Saturday Morning Reading #31

Here’s your Saturday Morning Reading…
1. CV mistakes: how to lose a job in development before you press send | Rachel Banning-Lover – Global Development Professionals Network
Mostly obvious advice (e.g.Don’t cut and paste cover letters to different organisations) – but sometimes we need to hear obvious advice!
“The worst cover letter I ever received was one where the applicant included a picture of their entire family tree just to point out they were related to some great social campaigner,” recalls Graham Salisbury. “But I wanted to interview him, not his great grandfather.”
2. DevQuest-ing your way into a development career | Giles Dickinson-Jones – WhyDev
Some DevQuestLove from WhyDev – my own profile should be up there shortly.
“This is the first reason we started DevQuest: as a simple avenue for newcomers to learn from their peers, hopefully making those initial steps a little less daunting. But there is another reason we thought the idea was long-overdue: despite a trend towards unpaid internships and young professionals programs, there is nowhere a person can read reviews of development entry points. Unless you know somebody who has gone before you, it’s hard to know what to expect when taking those first steps in your development career.”
By seeing ourselves constantly as the “helpers,” we often forget that we also need help, and that the work we’re doing is often more nuanced and complicated than an easy moral black-and-white. And also, we tend to forget that being of service includes being open to receiving support as well. When we are stressed and unconscious about ourselves and our actions, we are more likely to look down on someone in our host country who is poorer or more powerless than us, and we are more likely to be rude. It’s not pretty.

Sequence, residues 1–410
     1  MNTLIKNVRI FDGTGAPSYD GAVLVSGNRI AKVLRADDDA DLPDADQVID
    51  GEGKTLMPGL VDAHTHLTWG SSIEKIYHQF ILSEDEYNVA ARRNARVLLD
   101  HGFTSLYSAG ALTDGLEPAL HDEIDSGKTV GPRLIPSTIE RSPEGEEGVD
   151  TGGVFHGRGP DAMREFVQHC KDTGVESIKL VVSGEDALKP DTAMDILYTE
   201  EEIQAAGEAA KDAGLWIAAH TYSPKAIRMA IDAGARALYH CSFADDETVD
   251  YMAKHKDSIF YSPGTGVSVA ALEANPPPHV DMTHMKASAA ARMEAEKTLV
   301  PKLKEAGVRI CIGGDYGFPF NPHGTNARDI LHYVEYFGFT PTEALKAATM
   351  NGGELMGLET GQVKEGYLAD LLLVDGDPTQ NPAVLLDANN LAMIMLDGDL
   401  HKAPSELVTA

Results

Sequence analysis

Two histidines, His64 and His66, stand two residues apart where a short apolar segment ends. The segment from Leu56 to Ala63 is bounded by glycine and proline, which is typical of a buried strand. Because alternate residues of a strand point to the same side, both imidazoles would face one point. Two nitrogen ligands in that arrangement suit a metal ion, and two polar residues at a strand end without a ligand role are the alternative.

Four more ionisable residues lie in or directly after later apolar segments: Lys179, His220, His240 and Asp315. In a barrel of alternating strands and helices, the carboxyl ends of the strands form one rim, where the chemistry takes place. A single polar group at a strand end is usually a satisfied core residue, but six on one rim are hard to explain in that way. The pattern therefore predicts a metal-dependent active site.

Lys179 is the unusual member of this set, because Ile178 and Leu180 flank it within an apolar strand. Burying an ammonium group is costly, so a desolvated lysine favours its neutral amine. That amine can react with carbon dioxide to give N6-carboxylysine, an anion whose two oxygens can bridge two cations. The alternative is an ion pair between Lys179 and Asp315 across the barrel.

Unfortunately, this is something many of us will recognise – but by acknowledging it we (and others) can change.
“It’s all so pointless,” I said. (I’d had several pints at this point.) “I spend my time helping charities to collect high quality monitoring data – and then they just ignore it.” “Why is that?” my friend asked. “That seems completely stupid.”
The TL:DR is that incentives are often pointing in the wrong direction and leaders need to really care about learning.
You can quibble with the numbers in Oxfam’s inequality campaigning but that doesn’t hide that wealth is power and a few people control far too much.
“A 21st-century development policy means paying more attention to the impact of all our policies on the rest of the world. It does not mean making big sacrifices for the world’s poor. Better policies at home would be good for our own citizens as well as for the rest of the world. Getting rid of tariffs on imports of clothing made in India, for example, would be good for British consumers and it would be good for Indian workers and—by increasing household income—their families too.  And the same is true of almost everything else that forms part of a 21st century development agenda, from ending agricultural subsidies to allowing universities to accept more foreign students”
Let us hope that development policy is moving in this direction – now 0.7% is secure, is this where our advocacy should be directed?

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